Joachim
Seems like maybe there's a missing part of this conversation? The number and location of lenses is one potential. The quality of glass and coatings being asked about here, is another. What about lens shape, curve, something the Xray view will not reveal? The offset from central axis of the SP prism in the NL suggests that to get the EP view concentric to the objective and ocular required some innovative grinding/shaping, if I understand this. What else of this ilk might be here?

G'Tom
 

GrampaTom

Well-known member
United States
I suspect it's not just diameter. Its the lens curvature, (a variable) and its location, (another). Thinking about the Xray view of the offset prism, are lens curvatures offset to correct for what seems a slight bent light path from the prism?

How can we scale to measure curves, especially if the idea of offset is valid from an Xray view taken at some angle to the whole, given its length? Anybody know what the dims and tolerances are for lens curves? .000X, .0000X, .00000X?

You know what they say about assumption.
 
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Maljunulo

Well-known member
I suspect it's not just diameter. Its the lens curvature, (a variable) and its location, (another). Thinking about the Xray view of the offset prism, are lens curvatures offset to correct for what seems a slight bent light path from the prism?

How can we scale to measure curves, especially if the idea of offset is valid from an Xray view taken at some angle to the whole, given its length? Anybody know what the dims and tolerances are for lens curves? .000X, .0000X, .0000X?

You know what they say about assumption.
There may be a problem of perspective since the x-ray source is likely to be a point, and unless it is at infinity (unlikely) the rays will be divergent, I think.

I'm just playing in my head here.
 

Binastro

Well-known member
I will find out what the tolerances for lens curves are for lenses, binoculars, spotting scopes and astro scopes.

I suspect around one part in a thousand.

There are tolerances also for wedge, thickness, rerfractive power, centration etc.

However, a true expert will adjust the spacing of components to correct for tolerances.

Top lens makers do this.

Regards,
B.
 

sillyak

Well-known member
I suspect it's not just diameter. Its the lens curvature, (a variable) and its location, (another). Thinking about the Xray view of the offset prism, are lens curvatures offset to correct for what seems a slight bent light path from the prism?

How can we scale to measure curves, especially if the idea of offset is valid from an Xray view taken at some angle to the whole, given its length? Anybody know what the dims and tolerances are for lens curves? .000X, .0000X, .00000X?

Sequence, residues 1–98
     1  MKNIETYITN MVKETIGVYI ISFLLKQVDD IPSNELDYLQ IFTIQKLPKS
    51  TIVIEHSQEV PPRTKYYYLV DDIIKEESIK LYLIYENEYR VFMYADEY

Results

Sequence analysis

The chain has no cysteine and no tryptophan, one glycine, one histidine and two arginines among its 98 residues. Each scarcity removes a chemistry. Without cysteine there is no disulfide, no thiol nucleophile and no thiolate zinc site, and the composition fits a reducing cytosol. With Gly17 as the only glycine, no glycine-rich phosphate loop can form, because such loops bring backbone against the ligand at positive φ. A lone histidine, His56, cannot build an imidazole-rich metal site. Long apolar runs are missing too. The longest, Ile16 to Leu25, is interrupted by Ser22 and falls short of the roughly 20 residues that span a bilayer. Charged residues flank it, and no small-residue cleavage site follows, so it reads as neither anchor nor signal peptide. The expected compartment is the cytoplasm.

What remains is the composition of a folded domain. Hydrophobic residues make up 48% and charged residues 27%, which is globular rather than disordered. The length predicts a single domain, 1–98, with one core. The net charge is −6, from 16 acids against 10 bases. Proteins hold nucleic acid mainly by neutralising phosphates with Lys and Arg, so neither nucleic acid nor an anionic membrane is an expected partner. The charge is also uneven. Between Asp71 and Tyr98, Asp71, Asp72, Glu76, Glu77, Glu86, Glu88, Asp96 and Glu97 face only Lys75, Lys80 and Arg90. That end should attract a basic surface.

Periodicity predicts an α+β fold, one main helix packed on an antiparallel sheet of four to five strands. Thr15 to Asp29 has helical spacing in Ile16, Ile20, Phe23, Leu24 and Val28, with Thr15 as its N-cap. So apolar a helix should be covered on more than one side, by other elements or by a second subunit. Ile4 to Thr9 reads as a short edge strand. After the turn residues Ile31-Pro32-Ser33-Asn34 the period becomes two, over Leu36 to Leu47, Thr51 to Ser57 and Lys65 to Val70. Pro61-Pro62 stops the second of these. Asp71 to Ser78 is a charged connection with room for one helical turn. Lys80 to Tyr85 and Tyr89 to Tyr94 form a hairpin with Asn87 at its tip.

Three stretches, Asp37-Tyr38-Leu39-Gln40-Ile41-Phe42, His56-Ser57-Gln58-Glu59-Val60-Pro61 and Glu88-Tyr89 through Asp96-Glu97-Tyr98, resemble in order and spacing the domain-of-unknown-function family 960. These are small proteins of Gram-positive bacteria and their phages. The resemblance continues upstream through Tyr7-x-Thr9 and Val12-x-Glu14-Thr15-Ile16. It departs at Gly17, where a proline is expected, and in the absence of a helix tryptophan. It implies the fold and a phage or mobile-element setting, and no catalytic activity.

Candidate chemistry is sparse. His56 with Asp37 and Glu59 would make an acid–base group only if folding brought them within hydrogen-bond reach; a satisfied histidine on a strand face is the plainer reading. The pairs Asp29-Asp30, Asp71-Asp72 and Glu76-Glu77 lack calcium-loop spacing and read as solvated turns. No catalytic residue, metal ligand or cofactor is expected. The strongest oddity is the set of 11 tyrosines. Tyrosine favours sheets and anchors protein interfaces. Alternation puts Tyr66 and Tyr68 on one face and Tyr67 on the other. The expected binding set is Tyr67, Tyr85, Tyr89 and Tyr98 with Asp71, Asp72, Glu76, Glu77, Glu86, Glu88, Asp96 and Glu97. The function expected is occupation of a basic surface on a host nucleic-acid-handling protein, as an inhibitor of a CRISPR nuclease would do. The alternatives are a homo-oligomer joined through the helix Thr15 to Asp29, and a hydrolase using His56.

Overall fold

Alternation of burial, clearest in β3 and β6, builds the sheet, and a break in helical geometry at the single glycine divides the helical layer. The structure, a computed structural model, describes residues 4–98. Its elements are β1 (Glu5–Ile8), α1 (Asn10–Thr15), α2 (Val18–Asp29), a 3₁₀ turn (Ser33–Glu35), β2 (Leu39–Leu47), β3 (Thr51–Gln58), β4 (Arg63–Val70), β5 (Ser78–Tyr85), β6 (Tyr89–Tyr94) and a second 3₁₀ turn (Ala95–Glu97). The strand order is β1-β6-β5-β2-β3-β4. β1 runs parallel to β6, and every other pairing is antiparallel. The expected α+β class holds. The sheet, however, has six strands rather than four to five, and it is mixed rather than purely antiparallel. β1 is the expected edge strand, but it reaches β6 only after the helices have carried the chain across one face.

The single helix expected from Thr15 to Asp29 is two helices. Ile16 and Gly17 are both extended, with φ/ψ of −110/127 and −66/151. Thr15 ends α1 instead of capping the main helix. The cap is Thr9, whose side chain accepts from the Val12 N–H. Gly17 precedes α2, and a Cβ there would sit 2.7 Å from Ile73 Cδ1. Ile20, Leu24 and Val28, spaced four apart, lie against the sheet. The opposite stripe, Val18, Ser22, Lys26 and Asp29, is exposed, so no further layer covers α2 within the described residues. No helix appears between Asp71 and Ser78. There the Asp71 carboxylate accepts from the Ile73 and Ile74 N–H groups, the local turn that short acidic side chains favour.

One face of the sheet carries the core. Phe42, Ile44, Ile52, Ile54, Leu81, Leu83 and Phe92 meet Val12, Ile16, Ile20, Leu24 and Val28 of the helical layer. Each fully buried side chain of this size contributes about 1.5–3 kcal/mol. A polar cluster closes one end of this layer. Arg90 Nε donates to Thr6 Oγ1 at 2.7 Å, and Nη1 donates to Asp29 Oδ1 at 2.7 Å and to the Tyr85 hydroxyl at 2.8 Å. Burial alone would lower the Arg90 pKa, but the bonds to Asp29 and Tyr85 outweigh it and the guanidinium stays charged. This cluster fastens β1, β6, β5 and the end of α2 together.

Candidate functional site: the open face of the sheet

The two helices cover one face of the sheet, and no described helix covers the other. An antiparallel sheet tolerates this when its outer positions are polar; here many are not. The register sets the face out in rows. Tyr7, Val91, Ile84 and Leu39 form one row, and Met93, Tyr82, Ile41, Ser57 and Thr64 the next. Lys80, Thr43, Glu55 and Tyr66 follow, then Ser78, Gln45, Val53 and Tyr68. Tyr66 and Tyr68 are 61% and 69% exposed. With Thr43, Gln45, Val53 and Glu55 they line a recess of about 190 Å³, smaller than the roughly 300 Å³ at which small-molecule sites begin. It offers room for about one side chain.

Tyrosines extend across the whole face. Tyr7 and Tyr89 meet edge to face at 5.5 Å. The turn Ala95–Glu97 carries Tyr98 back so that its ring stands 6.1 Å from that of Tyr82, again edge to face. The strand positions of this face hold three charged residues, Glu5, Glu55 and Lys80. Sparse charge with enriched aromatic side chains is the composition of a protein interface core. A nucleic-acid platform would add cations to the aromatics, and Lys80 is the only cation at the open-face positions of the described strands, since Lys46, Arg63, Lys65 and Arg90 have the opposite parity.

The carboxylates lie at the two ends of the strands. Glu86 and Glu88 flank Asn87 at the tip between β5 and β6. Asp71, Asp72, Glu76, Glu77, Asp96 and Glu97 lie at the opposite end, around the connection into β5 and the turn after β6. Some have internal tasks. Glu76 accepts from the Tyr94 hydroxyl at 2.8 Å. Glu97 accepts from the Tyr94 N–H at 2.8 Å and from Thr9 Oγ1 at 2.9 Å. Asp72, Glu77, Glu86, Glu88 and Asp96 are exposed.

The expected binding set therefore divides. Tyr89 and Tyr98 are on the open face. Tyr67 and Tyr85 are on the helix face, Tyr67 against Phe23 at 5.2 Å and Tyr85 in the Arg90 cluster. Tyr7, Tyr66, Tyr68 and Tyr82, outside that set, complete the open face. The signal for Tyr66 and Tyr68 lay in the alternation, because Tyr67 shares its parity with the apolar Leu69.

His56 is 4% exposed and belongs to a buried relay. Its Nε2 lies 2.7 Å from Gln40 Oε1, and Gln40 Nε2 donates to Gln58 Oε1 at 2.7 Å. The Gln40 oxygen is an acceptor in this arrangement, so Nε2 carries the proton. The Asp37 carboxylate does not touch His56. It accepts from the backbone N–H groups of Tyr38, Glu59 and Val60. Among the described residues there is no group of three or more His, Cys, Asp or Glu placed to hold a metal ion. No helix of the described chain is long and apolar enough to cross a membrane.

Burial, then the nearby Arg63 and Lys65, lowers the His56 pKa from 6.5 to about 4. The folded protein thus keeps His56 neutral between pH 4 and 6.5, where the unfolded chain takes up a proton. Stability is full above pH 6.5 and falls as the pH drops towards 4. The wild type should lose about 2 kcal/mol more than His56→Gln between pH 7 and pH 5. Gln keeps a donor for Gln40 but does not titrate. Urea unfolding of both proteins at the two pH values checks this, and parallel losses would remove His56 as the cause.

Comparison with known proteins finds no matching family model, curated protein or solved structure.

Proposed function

You know what they say about assumption.


The tolerances for lens curves are less than a wavelength of light. That is why they are polished so finely to final figure. Lots of information available on telescope making forums. How those curves are tested, measured and figured.
 

jring

Well-known member
Hi,

obviously we can't recreate the optical design just from the x-ray. I already gave some hints on how one would go forward to do so...

As for the curves, they can me measured with a spherometer as Binastro pointed out. As long as they are spheres - which is very probable for a mass produced refractor (lens telescope as opposed to mirror based) with glass lenses (as opposed to plastic - those are fairly easy to make in asperic curves).

One problem lies in the cemented groups, these need to be separated in order to measure them. For glass types, refractive index and specific weight are fairly easy to determine for separated lenses.
Other properties like Abbe Number or relative partial dispersion less so, but refractive index and specific weight give a small number of possible candidates.
Along with the knowledge of the radii and the position of the lens in the instrument, one can let the design program optimize the glass for best result, spit out a list of possible candidates from its glass catalogues and check which one fits regarding specific weight.

Joachim
 

wllmspd

Well-known member
You are only going to get very gross info from the X-ray, though X-ray “density” can give info on high atomic number recipe glass. You can bet they’ll be using the highest quality grades of whatever they are using, the design will use whatever dispersion material is needed. I wouldn’t try measuring curvatures or thicknesses with any accuracy. I would also note that quality of the polish of the lenses is also important and that will be “secret sauce” from whoever is making them. AR coating is also a black art, but with trade offs depending on what the company is most keen to address. Baffling and internal blackening will also play a role too…. Many parts to the package.
Peter